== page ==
Ovarian function is associated with obesity in very long-term female survivors of childhood cancer

Program: Abstracts - Orals, Featured Poster Presentations, and Posters
Session: SUN 554-573-Ovarian & Uterine Function I
Basic/Clinical
Sunday, June 16, 2013: 1:45 PM-3:45 PM
Expo Halls ABC (Moscone Center)

Poster Board SUN-564
Karin Blijdorp*1, Wendy van Dorp2, Joop S E Laven2, Rob Pieters3, Jenny A. Visser4, Aart Jan Van der Lely5, Sebastian JCMM Neggers6 and Marry van den Heuvel7
1Erasmus University Medical Centre, Rotterdam, Netherlands, 2Erasmus MC University Medical Center, Rotterdam, Netherlands, 3Erasmus MC University Medical Center - Sophia's Children's Hospital Rotterdam, 4Erasmus MC, Rotterdam, Netherlands, 5Erasmus University Medical Center, Rotterdam, Netherlands, 6Erasmus MC, Netherlands, 7Erasmus MC-Sophia Children’s Hospital
Introduction

Obesity and gonadal dysfunction are known major side effects of treatment in adult childhood cancer survivors. In the general population, obesity has a negative influence on female fertility. The aim of the study was to evaluate whether obesity and serum insulin are associated with decreased ovarian reserve markers in childhood cancer survivors.

Methods

We performed a retrospective single-center cohort study in 191 adult female survivors of childhood cancer. Median age at follow-up was 27.1 years (range 17.7-50.0) and median follow-up time was 18.8 years (2.3-48.8). Outcome measures were serum levels of anti-Müllerian hormone (AMH) and total follicle count (FC) and if measured during early follicular phase or during amenorrhoea antral follicle count (AFC). Potential risk factors were body mass index (BMI), body composition measures, determined by dual energy X-ray absorptiometry (total fat percentage, lean body mass and visceral fat percentage) and fasting insulin. Multiple linear regression analysis, adjusted for potential confounders, was used to evaluate the associations between potential risk factors and serum AMH and FC.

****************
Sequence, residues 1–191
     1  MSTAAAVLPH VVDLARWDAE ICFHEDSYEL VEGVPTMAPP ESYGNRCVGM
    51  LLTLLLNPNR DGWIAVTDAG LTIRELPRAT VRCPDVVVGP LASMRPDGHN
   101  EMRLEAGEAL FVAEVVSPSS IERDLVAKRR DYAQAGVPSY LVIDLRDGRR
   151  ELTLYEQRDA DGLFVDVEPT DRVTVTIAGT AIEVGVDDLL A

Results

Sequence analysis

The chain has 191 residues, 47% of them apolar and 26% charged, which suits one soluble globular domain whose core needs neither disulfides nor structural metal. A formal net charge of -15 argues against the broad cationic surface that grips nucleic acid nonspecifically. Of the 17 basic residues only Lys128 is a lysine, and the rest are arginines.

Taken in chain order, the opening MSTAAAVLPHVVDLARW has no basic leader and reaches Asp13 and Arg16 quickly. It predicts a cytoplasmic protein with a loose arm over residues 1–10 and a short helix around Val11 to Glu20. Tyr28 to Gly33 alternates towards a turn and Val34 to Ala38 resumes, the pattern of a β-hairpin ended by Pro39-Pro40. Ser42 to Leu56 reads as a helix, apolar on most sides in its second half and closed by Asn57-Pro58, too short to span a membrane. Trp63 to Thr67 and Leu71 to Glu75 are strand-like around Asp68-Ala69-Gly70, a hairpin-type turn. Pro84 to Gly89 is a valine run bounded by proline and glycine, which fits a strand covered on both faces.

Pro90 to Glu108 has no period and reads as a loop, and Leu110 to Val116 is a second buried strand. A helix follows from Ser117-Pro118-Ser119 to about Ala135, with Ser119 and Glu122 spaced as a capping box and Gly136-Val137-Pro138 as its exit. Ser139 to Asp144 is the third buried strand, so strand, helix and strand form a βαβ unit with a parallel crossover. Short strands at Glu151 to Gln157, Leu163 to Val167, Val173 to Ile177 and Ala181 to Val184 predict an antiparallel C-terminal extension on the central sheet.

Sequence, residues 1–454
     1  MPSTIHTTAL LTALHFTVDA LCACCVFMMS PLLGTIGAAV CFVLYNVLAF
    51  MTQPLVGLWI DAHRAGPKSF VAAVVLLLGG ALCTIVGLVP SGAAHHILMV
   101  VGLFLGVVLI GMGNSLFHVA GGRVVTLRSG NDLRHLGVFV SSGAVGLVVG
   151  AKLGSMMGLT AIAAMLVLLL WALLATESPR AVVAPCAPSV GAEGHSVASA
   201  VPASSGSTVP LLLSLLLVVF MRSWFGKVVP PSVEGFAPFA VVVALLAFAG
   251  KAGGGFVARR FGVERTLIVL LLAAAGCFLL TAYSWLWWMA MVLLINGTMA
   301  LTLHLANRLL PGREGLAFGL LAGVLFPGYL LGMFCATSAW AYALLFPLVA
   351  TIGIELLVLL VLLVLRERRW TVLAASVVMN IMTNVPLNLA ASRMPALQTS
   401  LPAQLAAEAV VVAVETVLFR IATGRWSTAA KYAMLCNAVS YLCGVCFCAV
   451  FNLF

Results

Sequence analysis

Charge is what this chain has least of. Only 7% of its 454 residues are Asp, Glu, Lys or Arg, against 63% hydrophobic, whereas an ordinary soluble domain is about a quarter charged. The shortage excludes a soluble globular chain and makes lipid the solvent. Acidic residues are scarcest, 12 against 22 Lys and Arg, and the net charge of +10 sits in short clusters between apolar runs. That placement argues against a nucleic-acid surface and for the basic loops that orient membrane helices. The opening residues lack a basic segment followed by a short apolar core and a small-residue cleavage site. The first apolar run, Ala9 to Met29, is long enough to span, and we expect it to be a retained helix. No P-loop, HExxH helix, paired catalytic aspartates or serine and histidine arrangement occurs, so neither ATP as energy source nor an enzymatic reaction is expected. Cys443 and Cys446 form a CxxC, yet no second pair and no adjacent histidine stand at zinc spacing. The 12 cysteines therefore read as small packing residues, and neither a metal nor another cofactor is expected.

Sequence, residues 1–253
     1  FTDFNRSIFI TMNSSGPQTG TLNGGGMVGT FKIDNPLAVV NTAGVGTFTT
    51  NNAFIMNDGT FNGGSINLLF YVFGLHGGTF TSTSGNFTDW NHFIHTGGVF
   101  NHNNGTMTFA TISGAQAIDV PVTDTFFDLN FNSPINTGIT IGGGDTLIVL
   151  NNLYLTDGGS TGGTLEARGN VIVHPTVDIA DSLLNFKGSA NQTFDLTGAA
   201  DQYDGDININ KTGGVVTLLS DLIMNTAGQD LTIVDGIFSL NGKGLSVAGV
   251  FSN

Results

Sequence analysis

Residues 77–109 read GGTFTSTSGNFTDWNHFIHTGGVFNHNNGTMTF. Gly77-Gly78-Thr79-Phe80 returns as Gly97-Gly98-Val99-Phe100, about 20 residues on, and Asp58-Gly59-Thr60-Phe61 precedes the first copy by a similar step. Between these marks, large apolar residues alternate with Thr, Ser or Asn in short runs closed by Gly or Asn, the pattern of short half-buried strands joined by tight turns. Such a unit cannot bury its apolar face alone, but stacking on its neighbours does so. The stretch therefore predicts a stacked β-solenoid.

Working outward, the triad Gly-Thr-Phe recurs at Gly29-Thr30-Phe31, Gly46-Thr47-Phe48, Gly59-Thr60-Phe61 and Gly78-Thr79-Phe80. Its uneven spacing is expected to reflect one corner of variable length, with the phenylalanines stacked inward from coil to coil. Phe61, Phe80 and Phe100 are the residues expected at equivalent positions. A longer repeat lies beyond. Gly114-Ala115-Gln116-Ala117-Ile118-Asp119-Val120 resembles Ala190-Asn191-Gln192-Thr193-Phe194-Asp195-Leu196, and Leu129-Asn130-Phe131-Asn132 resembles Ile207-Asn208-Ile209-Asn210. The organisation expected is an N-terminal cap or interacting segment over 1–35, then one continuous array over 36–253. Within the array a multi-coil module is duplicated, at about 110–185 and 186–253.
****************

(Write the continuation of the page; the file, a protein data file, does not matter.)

Results

Lower serum AMH was found in obese subjects (ß (%) -49, P=0.007), and in subjects with fasting insulin in the highest tertile (ß(%) -43, P=0.039). Total fat percentage tends to be associated with serum AMH (ß(%) -2.1, P=0.06). Survivors in the highest tertile of insulin had significant lower FC than survivors in the lowest tertile (ß -6.3, P=0.013). BMI and other measures of body composition were not associated with FC. Correlation between serum AMH and antral follicle count (AFC) was ρ=0.32 (P=0.08).

Conclusions

Obesity and insulin resistance are associated with gonadal damage, as reflected by decreased AMH and reduced FC in adult survivors of childhood cancer. In contrast to its highly predictive value for AFC in the healthy female population, serum AMH does not seem to correlate as well with AFC in childhood cancer survivors.

Disclosure: JSEL: Researcher, Ferring Pharmaceuticals, Researcher, Merck BV, Founder, Genovum. Nothing to Disclose: KB, WV, RP, JAV, AJV, SJN, MV

*Please take note of The Endocrine Society's News Embargo Policy at http://www.endo-society.org/endo2013/media.cfm